For me, it's impossible to separate these things. The crafting of words, or words with music, or words with images, or whatever other thing one might do with words is fascinating to me, a rhetorical scholar by trade. I've had a lot of great teachers, most of whom I've never even met. These are sources of wisdom, for me, or as Kenneth Burke (another rhetorical scholar and a personal hero of mine) said, in reference to literature, they are "equipment for living." I find it amazing that someone can go through life and not read, on purpose, even if they are literate. I find it amazing, also, that so many of my fellow citizens of the world are content simply to sample from what other decide is "good," never even venturing beyond what is initially offered to them by an increasingly monopolized marketplace of popular cultural products. Even when you put people in charge of marketing who are supposed to know "what people want" you're still dealing with someone who can impede the flow of ideas. Consider:
"The person in the executive chair may not be the final arbiter of taste of the entire population."
Then of course there is the problem of too much community input. For example, the D&D Next playtest no doubt will use the results of the playtesting to establish what the RPG community of The World's Most Popular RPG "wants" from the game. What they'll get is a bunch of opinions, and those opinions must be considered, weighed, balanced, and otherwise incorporated. The result, no doubt, will be the gaming equivalent of the color beige. It is at once colorful and nondescript, and speaks to the vision and passions of pretty much no one.
So, even when you do your best to design something that appeals to the greatest number of people, you end up with something that appeals to no one in particular. Nobody is going to be passionate about D&D Next, I'm guessing, because it's attempting to serve far, far too many masters. Products like Anomalous Subsurface Environment, Dungeon Crawl Classics, and [insert other OSR gaming product here] are "like D&D" but they have a personality and an identity, which springs from the fact that they are relatively unfiltered versions. There's no gatekeeper beyond the authors themselves. Even when playtesting is happening, I get the feeling that something like DCC was more about "Does this work?" or "Is this fun?" than about "Will this sell to males between 12 and 25?" or "Is this going to compete with D&D's market share?" or even "Is this what the OSR wants?" (like that's even a unified group)
You'll notice that the real difference here is the difference between a focus on what happens with the product once it hits the market (regardless of its quality) versus the quality of the product (regardless what happens in the marketplace). Now, I'm glad that these products are doing well, or as well as they can be given their relatively limited audience. I'm very, very glad that the authors chose to do what they could do best and brightest and loudest and most awesomest, rather than simply saying, "What's gonna sell?"
The funny thing is that one can never really know what's going to sell. Yes, you can focus-group it to death. You can copy what is popular. You can try to establish differentiation from competing products and define your "unique selling proposition" (It smells like toast!). But these things are signfiers of difference from something else, not signifiers of quality or kind. It's the difference between saying "Fighting robots are awesome, and I'm going to build the most awesome fighting robot ever!" and saying "I'm going to build Megatron!" Sure, you'll use the same sorts of parts, usually. A fighting robot has parts that a fighting robot should have. But in limiting the scope of awesomeness to things that already are recognized as acceptably cool, you leave out so many other possibilities for innovation, invention, mashing-up, and otherwise creating things that are worth having, seeing, or whatever.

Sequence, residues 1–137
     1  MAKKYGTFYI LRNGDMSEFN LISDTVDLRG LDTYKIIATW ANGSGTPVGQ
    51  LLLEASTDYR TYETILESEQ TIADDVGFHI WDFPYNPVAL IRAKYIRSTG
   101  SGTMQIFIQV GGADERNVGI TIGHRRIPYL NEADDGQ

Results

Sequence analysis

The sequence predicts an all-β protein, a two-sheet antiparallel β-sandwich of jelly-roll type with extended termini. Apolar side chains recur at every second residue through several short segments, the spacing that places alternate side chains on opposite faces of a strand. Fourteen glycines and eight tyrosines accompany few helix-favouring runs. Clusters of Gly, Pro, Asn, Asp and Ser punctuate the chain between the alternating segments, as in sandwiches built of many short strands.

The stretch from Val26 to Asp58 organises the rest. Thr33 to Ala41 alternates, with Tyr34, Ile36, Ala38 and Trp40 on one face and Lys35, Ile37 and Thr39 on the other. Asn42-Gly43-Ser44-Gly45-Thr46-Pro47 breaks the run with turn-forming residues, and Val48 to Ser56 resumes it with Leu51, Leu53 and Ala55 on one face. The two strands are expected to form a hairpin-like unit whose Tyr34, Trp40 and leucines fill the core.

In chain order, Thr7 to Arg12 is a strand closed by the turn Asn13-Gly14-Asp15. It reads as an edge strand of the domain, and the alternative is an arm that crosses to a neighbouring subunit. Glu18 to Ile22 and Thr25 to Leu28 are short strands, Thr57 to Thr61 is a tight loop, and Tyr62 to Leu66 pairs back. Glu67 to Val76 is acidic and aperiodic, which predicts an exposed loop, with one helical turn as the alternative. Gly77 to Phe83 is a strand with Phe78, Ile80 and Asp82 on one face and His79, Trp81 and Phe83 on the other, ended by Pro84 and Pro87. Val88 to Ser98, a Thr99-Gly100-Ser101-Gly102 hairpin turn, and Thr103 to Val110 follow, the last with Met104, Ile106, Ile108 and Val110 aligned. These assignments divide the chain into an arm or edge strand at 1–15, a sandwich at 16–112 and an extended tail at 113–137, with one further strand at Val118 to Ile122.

This happens even when people supposedly know what they're doing, and try their best to satisfy the untapped needs of others. Now, I'm not one of those people who believes that creation is the province of the genius. Anyone can be creative. But I will say that must people are ashamed or embarrassed on some level to try to be creative. They're afraid of what other people will think. And sometimes, to be sure, they should be afraid. On the other hand, sometime people go with their guts and put something out there because they like it. And they find that other people like it, too. That's what happened with DCC, I think, and I know that's what's happening with the Metal Gods of Ur-Hadad campaign. Adam and I have produced something we like, each in our own way. We put these things together in one place and ask, "Would it be awesome?" rather than "How do we get people to like us?" It's nice that some people think that it's awesome, and like us as well. It's also really great that other people go, "Meh. Not really into it." and go find something else about which to be passionate.
So, bear with me with this Zappadan thing. It's something about which I am fairly passionate, and maybe a few others are as well, and maybe, just maybe... you'll find something here worth hearing. If not, I'll write more stuff about DCC and other gaming stuff when I get time for it. Right now, what with what's happening at work, I pretty much got time just for this. And, hey, it's the closest thing I got to a religious holiday. I gotta celebrate. Now, how about a Zappadan carol? I like this one. It's about two things I really like.